(February Term, 1887.)
Appeal — Counter-claim — Libel — Evidence — Mitigation of Damages.
1. Where a demurrer to a counter-claim is sustained and the counterclaim stricken out, the defendant cannot appeal from the judgment and so stop the trial of the action, but must note his exception to the action of the Court and bring the point up for review on an appeal from the final judgment.
2. In action to recover damages for a libel, it is competent for the defendant to introduce evidence in mitigation of damages, to show the provocation which induced him to publish the libel, but this provocation must originate in the same subject matter out of which the libel arose, or be closely connected with it.
3. In actions for defamation under the former system of pleading, evidence offered to sustain a plea of the general issue could not be considered in mitigation of damages, but this has been changed by The Code, § 266.
4. Malice is presumed from the utterance of false defamatory words, and proof of it, other than proof of the utterance of the false and defamatory words, is not necessary, and hence it is always proper to allow the defendant to prove an absence of malice in order to mitigate the damages.
5. So where the plaintiff had charged the defendant with using false weights in his business, and upon hearing of the charge, the defendant sent to the plaintiff and asked him to correct it, which the plaintiff promised to do, admitting at the time that the charge was false, but he afterwards refused to retract it, upon which refusal the defendant published the libel sued on: It was held, that these facts were admissible in evidence in mitigation of damages.
( Nelson v. Evans, 1 Dev., 9: cited and approved: Smith v. Smith, 8 Ired., 29: cited).
CIVIL ACTION, tried before Gilmer, Judge, and a jury, at November Term, 1885, of GRANVILLE Superior Court.
Messrs. R. W. Winston and E. C. Smith, for the plaintiff.
Mr. D. G. Fowle, for the defendant.
There was a judgment on the verdict for the plaintiff, and the defendant appealed.
The facts fully appear in the opinion.
The action is for libel, and the complaint in separate counts, sets out the alleged libelous matter, published in a newspaper, known as The Gold Leaf, in its respective issues of February 21st and March 6th, 1884. The answer denies the identity of the matter contained in the newspaper with that set out in the complaint, and the imputed motive, and proceeds to explain the circumstances that preceded and led to the publication as a means of self-vindication, and to details other matters in explanation and excuse of the act. It also sets up a counter-claim for damages, on account of slanderous utterances of the plaintiff against the defendant, in connection with the personal differences which had sprung up between them in business operations, and to which those imputed to the defendant have reference. To the counter-claim the plaintiff interposes a demurrer, based upon the ground that it contains a distinct and independent cause of action in tort, unwarranted by The Code, § 244, par. 1, and this being sustained by the Court and the counter-claim disallowed, the defendant appealed, and at the same time moved the Court to suspend further proceedings in the action, until the appeal could be heard and decided. This was also refused and the trial ordered to go on. To these rulings the defendant's first exception is taken, and it is in our opinion without support in law. The proposed appeal was premature, and the exception being noted upon the record, the ruling would come up for review after the final hearing upon an appeal then taken, and this opportunity is now afforded the defendant.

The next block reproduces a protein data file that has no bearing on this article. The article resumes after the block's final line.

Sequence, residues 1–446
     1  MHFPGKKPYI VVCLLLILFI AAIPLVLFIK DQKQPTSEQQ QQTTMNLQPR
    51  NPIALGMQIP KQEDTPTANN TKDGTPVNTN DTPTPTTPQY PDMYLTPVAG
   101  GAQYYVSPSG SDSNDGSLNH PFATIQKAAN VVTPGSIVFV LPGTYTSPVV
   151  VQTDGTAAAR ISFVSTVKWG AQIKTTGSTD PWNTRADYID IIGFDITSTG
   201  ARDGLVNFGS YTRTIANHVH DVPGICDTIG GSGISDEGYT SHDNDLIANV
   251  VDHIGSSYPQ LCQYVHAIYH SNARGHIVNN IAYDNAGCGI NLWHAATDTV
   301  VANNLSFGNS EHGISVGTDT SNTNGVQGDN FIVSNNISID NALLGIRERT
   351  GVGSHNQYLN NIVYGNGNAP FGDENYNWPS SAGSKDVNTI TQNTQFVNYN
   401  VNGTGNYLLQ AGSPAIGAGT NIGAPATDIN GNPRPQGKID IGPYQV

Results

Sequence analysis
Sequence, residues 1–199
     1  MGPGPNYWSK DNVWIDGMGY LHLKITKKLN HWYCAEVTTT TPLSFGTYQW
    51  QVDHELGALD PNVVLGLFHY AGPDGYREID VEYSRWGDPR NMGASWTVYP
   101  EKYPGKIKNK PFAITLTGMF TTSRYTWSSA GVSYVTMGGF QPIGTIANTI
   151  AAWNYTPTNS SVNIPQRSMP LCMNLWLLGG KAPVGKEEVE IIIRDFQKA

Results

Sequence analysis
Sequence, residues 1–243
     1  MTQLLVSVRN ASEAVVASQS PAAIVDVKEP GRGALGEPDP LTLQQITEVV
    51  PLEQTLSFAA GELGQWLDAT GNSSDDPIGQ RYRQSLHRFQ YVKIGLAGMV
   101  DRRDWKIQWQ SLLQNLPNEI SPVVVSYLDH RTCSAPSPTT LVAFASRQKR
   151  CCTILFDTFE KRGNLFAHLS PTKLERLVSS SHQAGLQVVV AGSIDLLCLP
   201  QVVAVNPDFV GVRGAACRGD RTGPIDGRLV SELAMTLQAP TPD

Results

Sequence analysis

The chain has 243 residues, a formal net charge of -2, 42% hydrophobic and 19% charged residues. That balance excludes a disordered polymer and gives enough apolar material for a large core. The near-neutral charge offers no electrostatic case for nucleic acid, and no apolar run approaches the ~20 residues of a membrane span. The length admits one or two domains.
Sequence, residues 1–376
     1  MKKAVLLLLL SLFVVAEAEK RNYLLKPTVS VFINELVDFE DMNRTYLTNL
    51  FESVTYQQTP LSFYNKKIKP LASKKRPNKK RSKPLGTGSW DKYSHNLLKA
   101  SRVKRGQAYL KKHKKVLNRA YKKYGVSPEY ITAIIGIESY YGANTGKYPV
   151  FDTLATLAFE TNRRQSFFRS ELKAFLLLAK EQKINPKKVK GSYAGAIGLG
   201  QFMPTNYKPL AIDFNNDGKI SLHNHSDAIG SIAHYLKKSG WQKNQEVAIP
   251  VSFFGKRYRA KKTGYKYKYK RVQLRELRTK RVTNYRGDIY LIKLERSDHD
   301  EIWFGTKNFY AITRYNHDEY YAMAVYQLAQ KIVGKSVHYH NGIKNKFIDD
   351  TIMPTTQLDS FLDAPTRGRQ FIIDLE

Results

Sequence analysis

We pass over so much of the controversy as relates to the form of the issues, all of which are found adversely to the defendant, to consider the exceptions to the refusal of the Court to admit evidence offered in mitigation of damages under the last issue, since this, in our opinion, entitles the defendant to a new trial.
To the proper understanding of the pertinence and force of the excluded proofs, it is necessary to set out the libelous publications as stated in the complaint, which are as follows:
"TO THE PUBLIC. — On the 13th inst., Mr. J. W. Brown sold with us thirteen lots of tobacco. With the price of five of these lots he was satisfied. The other six lots he took in, and carried to Oxford, where, on the 14th inst., in the warehouse of F. R. Knott Co., the same tobacco was made to weigh, or reported as weighing, sixty-four pounds more than it weighed at our house. It has now come to my knowledge that Mr. F. R. Knott, since the above mentioned occurrence, has been busying himself trying to slander our business, and our personal integrity charging us with false weights, and giving the above as witness at once of our false dealing, and his own superior honesty. As soon as I heard of the matter, I sent my partner and brother, Mr. J. S. Burwell, to him, to call his attention to the injury and injustice done us, and to ask for such reparation as we were entitled to. Thereupon, in his (Mr. J. S. Burwell's) presence, he agreed to sign a written statement, in which he acknowledged the wrong, and took the blame on his own warehouse, alleging in excuse, that from some unknown cause his scales or trucks were out of order on the 14th, which was not detected by him till after the sale. Having said all that, and allowed it to be written, he then refused to sign it, or to do anything else, and so this falsehood and slander still circulate on his authority. On such authority I can hardly think that any respectable man's character or business can be injured. It is the first time that our weights have been questioned, and I here pronounce the charge knowingly, intentionally and corruptly false. Our scales are correct, and we render true weights. The false weighing was done in Messrs. Knott Co.'s warehouse, and done for the purpose of dishonestly and knowingly injuring our warehouse and benefiting himself thereby.